What is the role of surgery in the treatment of peritonitis and abdominal sepsis?

Updated: Jul 23, 2019
  • Author: Brian J Daley, MD, MBA, FACS, FCCP, CNSC; Chief Editor: Praveen K Roy, MD, AGAF  more...
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Answer

Operative management addresses the need to control the infectious source and to purge bacteria and toxins. The type and extent of surgery depends on the underlying disease process and the severity of intra-abdominal infection. Definitive interventions to restore functional anatomy involve removing the source of the antimicrobial contamination and repairing the anatomic or functional disorder causing the infection. This is accomplished by surgical intervention. Occasionally, this can be achieved during a single operation; however, in certain situations, a second or a third procedure may be required. In some patients, definitive intervention is delayed until the condition of the patient improves and tissue healing is adequate to allow for a (sometimes) lengthy procedure.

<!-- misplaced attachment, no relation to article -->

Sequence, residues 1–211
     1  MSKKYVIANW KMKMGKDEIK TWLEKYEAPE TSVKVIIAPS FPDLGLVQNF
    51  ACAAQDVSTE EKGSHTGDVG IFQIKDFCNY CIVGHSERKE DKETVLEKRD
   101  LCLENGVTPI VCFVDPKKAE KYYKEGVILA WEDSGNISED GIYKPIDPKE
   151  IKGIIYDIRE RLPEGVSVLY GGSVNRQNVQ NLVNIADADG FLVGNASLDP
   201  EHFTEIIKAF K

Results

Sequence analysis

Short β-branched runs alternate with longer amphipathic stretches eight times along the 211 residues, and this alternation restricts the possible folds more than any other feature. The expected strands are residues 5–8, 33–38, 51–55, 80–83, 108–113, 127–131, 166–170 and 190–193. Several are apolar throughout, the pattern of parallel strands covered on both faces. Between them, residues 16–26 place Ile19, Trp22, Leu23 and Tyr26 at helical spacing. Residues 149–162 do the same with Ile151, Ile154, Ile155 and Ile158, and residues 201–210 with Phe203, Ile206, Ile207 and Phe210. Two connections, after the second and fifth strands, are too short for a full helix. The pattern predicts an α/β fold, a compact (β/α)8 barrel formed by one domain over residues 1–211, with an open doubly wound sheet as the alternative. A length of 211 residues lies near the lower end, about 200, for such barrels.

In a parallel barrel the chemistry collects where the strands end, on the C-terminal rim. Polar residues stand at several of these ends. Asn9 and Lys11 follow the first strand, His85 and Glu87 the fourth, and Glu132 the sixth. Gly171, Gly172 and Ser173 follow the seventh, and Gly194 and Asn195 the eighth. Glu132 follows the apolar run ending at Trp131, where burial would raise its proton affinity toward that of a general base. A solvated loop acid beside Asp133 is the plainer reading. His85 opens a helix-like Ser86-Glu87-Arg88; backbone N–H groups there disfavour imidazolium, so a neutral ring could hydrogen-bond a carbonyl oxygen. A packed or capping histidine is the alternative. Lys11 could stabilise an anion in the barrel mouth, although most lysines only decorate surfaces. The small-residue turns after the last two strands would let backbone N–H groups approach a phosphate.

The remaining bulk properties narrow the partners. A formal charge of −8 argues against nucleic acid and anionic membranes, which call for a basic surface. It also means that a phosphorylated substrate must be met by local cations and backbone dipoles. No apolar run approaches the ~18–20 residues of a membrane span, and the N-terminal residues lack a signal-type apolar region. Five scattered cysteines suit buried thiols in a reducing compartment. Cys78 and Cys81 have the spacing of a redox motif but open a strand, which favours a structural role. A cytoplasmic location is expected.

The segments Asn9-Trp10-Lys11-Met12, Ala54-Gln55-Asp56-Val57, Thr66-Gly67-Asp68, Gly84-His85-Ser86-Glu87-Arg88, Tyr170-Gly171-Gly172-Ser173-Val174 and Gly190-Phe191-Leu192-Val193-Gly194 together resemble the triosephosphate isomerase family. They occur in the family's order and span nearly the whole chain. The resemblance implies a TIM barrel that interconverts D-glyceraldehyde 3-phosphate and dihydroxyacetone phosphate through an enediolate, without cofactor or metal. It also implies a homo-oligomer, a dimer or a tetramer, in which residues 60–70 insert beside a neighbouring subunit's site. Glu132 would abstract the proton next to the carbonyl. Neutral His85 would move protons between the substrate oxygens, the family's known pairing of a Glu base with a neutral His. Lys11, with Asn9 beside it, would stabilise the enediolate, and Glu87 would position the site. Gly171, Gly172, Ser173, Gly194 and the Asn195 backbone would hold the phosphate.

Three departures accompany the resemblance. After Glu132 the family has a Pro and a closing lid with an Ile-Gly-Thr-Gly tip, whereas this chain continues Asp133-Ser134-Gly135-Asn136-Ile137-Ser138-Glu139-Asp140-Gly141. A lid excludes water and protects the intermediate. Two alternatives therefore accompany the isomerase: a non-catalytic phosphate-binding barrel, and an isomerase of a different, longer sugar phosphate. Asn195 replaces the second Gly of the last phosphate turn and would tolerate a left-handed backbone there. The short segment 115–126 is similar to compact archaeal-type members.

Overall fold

Damage control surgery

Alternatively, over the past decade, in the setting of extensive abdominal inflammatory disease and septic shock, surgeons have used damage control operations (DCS) to temporarily drain the infection, quickly control the visceral leak, and defer any definitive repair until the patient has stabilized. DCS appears to be feasible for perforated diverticulitis and peritonitis or septic shock, whether or not patients are hemodynamically stable. [22, 23, 24]

See Surgical Approach to Peritonitis and Abdominal Sepsis for more information.


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